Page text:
Every word you say…

Has been written down…

somewhere (as the Peter Sarstedt song said.).

I set out to write original stories. To break new ground. I got smartarse one day… Ok more than one day. Most days. You’d think I’d learn, but I plainly don’t. It’s hereditary, I think. I got it from my children. Anyway, various pantsers had been talking to me about my plotting style of writing. So I invited a group of them to follow my plotting out a story. I had what I considered a unique idea, which gave me a universe-spanning framework for a slew of stories.

I expounded on it… and several people promptly told me that was near identical to some TV series and how would I make it different?

Now… if I wrote it, it would be different. But at the time I HAD NO TV, and had watched none for at least 20 years. I’m well read (if somewhat patchily – I decided I didn’t enjoy much modern sf, or the modern literary fiction, that so many of the trad sf writers of the last 10 years have been imitating. So it has to catch me pretty fast or I don’t even start) but I am an absolute ignoramus about TV or movies — largely because I find it very hard to sit still for a whole movie. Yes, I am hyperactive, and probably ADD, and my conscience always pricks me, and says “You should be working, young man.” My conscience is old and very grumpy.

The end result is I might see one movie a year, and I haven’t watched anything on TV besides the first few Hugh Fearlessly Eatsitall (AKA ‘River Cottage’ – I don’t know if this ever got to the US) This is a curse and blessing too.

It’s a curse because the right way to do elevator pitches to editors was to describe your book as like X movie or TV series, meets Y movie or TV series. Mary Poppins meets Die Hard and have a bastard love-child would be about my level… but I have actually heard it done, with movies I had never heard of (I am sure everyone else had). The Movie/TV tropes and references were plainly so much easier for both the author and the editor, than book ones. It is also plainly popular with readers, who, it seems know much more about movies than I do.

On the blessing side – I might come up with a similar plot idea, but I am unlikely to follow their direction.

Anyway, I did come out of that thinking to myself: well if I am going recreate movie-plots I have never seen, I might as be hung for a herd of rhino than a lamb. And I have spent a lot of my life wishing there were more of X author’s work, and loving the idea that Y author put in there and never expanded on… ergo PYRAMID SCHEME – which was an excuse to revisit Pratt and Sprague De Camp’s Compleat Enchanter series… I’ve picked on other authors I admire and tried to write ‘in their style’ (Schmitz). Inevitably, these turn into the bastard love-children of several other authors too… (I think I see feeble echoes of Pratchett, Zelazny, Michael Scott Rohan, Heyer, L’Amour, Heinlein, Andre Norton, Simak, Sharpe… for a start)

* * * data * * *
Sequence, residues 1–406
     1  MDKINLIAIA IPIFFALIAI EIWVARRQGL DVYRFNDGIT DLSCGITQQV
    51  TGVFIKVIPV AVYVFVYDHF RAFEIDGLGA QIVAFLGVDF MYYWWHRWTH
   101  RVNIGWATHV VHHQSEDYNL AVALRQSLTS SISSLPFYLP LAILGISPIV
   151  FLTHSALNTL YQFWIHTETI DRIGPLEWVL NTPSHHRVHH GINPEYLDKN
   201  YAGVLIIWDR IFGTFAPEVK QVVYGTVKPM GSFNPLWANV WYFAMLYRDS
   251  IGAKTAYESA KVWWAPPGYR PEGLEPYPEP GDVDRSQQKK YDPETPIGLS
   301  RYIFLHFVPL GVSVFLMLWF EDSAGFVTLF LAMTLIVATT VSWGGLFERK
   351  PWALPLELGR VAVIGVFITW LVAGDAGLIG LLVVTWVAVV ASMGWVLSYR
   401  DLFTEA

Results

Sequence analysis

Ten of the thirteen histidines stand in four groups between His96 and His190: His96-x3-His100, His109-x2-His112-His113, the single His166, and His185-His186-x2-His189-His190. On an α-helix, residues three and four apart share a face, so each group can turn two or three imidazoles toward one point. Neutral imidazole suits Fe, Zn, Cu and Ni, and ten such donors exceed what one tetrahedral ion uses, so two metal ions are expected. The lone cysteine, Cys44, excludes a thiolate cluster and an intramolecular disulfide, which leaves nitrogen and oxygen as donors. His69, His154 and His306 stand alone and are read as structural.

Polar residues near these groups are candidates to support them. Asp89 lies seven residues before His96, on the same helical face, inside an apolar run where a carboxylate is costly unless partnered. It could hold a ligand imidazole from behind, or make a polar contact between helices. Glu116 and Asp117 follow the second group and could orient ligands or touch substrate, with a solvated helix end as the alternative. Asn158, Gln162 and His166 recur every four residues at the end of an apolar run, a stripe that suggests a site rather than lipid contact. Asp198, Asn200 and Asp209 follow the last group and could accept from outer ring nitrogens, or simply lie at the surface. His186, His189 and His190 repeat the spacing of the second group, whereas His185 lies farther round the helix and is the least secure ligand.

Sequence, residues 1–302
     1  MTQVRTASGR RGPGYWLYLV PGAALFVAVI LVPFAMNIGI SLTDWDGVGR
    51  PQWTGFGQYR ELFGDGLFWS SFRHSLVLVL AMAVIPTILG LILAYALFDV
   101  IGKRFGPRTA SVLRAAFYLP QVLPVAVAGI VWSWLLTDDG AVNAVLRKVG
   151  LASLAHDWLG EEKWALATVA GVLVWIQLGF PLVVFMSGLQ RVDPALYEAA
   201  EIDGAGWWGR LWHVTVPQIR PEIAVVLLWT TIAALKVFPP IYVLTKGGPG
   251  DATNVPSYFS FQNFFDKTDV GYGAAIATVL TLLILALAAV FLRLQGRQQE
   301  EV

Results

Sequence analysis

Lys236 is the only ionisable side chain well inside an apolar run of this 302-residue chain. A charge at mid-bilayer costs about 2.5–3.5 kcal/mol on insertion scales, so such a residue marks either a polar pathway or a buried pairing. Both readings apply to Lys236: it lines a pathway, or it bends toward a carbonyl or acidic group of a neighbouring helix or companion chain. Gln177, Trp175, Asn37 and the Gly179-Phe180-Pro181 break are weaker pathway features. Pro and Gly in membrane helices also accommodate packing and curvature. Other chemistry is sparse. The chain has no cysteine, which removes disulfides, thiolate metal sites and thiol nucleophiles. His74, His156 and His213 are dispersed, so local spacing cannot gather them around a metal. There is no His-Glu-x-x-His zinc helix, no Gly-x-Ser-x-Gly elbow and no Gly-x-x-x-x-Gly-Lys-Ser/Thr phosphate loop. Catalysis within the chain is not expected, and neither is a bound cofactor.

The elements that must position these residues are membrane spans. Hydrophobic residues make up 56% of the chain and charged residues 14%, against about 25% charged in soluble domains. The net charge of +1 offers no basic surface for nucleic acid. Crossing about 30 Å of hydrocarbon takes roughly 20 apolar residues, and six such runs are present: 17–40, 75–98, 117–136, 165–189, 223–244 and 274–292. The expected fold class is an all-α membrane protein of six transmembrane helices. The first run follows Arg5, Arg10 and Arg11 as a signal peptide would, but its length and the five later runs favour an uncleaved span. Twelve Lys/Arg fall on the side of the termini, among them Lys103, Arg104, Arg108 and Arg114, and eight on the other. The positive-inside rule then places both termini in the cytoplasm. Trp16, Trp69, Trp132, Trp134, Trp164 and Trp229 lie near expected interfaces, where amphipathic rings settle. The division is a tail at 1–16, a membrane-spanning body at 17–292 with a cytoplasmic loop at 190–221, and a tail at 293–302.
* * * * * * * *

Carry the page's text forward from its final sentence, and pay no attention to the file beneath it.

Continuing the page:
And in the end… it doesn’t matter too much. The telling is my own, the experience I bring to it is my own, the story changes, and people tell me how original it is…

My thanks to the many people who have ranked and written reviews for CLOUD CASTLES. I have learned all sorts of things and must admit you’ve seen things I didn’t realize, but now can see.

21 thoughts on “Every word you say…

  1. So far I’ve see echoes of various stories in Cloud Castles. But it’s been echoes not imitation.

    BTW it took me several chapters to really get immersed.

      1. Some of it may have been my mood at the time….at different times, I’m most interested in different types of books.

        I do like how the plot and mood shifts…at first, it seems like just this clueless dude with the city slicker sidekick, but then the whole story takes an unexpected twist.

  2. We really are twins separated at birth. (REALLY SEPARATED. And yet we found each other.)
    In the early two thousands I wrote a story called “Stargate.” It came back with accusations I’d based it on a TV series. We hadn’t watched TV in decades (Same reasons.) So we went and found them. Oh, sure. Okay. the device. But everything else was different.
    HOWEVER the name was the same, and so….

    1. ….where did they think the TV show got the name from…?

      (In at least the 70s, it was A Thing in the weird booklet areas; I vaguely remember it had something to do with, of course, the pyramids)

    2. Isn’t adding the word “Star” + thing a common science fiction tradition? Star Wars, Star Trek, Starship Troopers, etc?

    3. Yeah. I remember hopping around on YouTube one day and finding a music video for Sabaton’s “Light in the Black,” which is about what peacekeepers are supposed to be. (We won’t get into whether they live up to that.)

      Someone posted about how they were ripping off a song with the same title by a group called Rainbow. Said song is…a rather generic ’70s power ballad. The music is different, the structure is different, the lyrics are different–literally the only similarity is the titles. But just based on that this guy decided that Sabaton was copying Rainbow and went on a “kids these days” rant about it.

        1. Even worse are the people who read LOTR and didn’t like it because they thought Tolkien had ripped off Terry Brooks. Yes, I once heard of such a person.

  3. My review appears in Ricochet.com this upcoming Sunday. I am supposed to limit myself to 400 words, but there was so much good stuff in Cloud Castles I hit 500 and had to trim it down. I referenced Bob Asprin’s Phule series in the review. I also said one of the characters appears reminiscent of one from the Dragon’s Ring series. Any writer can steal. Stealing from yourself? That’s a cut above average.

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